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I have this question:

An electron with Energy $E = 40 eV$ hits a potential barrier with $E_0 = 30 eV$. What is the wavelength of the electron after hitting the potential barrier?

I worked from the energy $E = p\cdot v \Rightarrow m_e \cdot E = p^2$ and combined it with the DeBroglie Wavelength $\lambda \cdot p = h$ which yields

$$ \lambda = \frac{h}{\sqrt{m_e \cdot (E-E_0)}} $$

However, the sample solution says the wave number is

$$ k = \frac{2\pi}{\lambda} = \frac{\sqrt{2\cdot m_e \cdot (E-E_0)}}{\hbar} $$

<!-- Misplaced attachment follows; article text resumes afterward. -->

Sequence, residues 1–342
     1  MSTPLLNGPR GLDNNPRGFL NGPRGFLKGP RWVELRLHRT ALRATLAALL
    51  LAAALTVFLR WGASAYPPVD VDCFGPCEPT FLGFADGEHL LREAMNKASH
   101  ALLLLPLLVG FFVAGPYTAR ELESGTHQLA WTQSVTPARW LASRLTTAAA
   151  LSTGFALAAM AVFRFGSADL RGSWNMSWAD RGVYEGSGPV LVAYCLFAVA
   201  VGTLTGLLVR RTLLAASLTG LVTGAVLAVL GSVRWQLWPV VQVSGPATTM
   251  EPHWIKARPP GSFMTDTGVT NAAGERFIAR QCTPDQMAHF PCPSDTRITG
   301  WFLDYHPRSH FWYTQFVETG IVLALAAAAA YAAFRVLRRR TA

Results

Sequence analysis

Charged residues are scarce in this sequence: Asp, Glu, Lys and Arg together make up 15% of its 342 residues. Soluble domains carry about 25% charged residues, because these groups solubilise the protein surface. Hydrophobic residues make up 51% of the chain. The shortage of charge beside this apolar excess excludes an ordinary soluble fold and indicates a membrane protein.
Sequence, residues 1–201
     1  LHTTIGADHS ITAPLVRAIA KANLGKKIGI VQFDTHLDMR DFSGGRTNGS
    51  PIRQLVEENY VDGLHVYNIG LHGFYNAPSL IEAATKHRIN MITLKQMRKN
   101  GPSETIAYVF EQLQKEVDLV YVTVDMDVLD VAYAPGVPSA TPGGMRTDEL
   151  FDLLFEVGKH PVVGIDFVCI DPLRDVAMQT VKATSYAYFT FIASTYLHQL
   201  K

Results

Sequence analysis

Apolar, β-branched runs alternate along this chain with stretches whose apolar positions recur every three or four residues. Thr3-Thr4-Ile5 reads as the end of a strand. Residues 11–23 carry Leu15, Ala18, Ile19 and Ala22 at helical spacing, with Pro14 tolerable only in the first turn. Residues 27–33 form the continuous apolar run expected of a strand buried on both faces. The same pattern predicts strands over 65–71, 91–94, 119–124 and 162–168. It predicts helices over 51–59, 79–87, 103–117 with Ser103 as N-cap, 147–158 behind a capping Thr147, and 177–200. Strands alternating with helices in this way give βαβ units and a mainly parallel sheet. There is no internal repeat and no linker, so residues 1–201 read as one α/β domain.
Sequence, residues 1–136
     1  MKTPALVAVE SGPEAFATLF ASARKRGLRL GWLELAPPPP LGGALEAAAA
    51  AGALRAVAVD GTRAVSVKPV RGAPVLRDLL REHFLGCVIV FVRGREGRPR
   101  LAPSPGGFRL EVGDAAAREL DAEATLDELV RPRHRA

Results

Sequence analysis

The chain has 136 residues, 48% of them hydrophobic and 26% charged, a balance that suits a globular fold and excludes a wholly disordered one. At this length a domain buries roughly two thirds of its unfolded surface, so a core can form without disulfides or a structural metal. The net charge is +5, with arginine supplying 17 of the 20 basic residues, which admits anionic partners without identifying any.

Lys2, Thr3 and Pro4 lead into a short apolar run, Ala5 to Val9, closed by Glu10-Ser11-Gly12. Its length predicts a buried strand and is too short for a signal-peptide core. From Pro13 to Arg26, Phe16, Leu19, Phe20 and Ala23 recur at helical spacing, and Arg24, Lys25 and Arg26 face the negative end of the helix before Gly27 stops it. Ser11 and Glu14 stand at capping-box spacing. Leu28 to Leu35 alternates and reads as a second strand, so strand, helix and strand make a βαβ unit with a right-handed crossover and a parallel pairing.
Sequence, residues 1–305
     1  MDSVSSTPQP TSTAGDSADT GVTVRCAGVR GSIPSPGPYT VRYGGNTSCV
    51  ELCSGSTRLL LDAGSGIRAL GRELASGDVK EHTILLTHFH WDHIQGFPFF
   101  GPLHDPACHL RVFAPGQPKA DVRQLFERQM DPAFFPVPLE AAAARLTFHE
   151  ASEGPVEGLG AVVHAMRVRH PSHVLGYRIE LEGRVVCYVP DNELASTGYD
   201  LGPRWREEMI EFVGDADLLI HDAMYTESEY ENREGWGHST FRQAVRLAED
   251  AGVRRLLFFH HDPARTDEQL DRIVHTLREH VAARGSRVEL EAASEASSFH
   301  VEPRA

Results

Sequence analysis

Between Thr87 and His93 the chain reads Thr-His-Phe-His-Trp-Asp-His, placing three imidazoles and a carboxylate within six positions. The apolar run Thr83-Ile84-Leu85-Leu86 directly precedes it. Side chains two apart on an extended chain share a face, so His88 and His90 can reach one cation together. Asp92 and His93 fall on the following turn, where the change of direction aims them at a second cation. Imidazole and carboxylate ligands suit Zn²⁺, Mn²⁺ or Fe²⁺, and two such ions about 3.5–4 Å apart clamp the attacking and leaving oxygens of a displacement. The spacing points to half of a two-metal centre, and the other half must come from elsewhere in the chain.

Which is exactly what I got, except for the $2$ inside the root.

Where does that factor come from? Why is my lacking of it wrong?


Note: I tagged this homework although it's not really homework, but homework-like head-scratching.

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Not to worry, the homework tag is entirely appropriate here. –  David Z Aug 26 '12 at 17:36
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1 Answer 1

up vote 3 down vote accepted

Hint to the question(v1): The electron travels at non-relativistic speed. What is the non-relativistic formula for kinetic energy of a point particle?

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D'oh, silly me. I always neglect those pesky constants. –  bitmask Aug 26 '12 at 18:00
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